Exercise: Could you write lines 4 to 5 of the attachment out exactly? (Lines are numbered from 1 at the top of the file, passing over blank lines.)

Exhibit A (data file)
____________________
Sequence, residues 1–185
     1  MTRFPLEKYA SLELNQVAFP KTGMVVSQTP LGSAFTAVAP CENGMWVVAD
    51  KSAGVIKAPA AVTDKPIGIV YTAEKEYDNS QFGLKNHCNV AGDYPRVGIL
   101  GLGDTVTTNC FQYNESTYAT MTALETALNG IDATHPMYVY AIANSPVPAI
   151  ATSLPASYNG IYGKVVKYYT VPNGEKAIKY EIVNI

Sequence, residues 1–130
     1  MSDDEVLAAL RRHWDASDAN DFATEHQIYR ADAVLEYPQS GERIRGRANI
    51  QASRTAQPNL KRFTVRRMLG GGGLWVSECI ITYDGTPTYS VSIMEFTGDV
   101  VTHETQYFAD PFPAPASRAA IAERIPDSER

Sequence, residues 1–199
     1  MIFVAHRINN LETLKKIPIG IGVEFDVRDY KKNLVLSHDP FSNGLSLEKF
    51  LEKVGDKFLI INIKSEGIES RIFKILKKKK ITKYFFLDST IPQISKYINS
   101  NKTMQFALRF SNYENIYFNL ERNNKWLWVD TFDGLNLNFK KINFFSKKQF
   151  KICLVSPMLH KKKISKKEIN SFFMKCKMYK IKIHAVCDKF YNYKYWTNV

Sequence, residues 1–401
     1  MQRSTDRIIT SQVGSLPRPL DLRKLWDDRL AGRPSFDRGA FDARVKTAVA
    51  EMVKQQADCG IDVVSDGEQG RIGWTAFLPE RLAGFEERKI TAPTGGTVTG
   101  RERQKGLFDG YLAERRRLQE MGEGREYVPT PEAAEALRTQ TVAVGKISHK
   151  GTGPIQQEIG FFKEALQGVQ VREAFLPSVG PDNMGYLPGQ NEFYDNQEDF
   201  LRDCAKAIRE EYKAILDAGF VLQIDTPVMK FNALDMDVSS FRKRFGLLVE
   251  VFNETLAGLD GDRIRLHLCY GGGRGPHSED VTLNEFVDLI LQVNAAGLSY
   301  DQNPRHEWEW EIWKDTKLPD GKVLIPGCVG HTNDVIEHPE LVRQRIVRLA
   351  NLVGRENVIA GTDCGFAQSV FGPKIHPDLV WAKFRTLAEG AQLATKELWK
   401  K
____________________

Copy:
   101  GLGDTVTTNC FQYNESTYAT MTALETALNG IDATHPMYVY AIANSPVPAI
   151  ATSLPASYNG IYGKVVKYYT VPNGEKAIKY EIVNI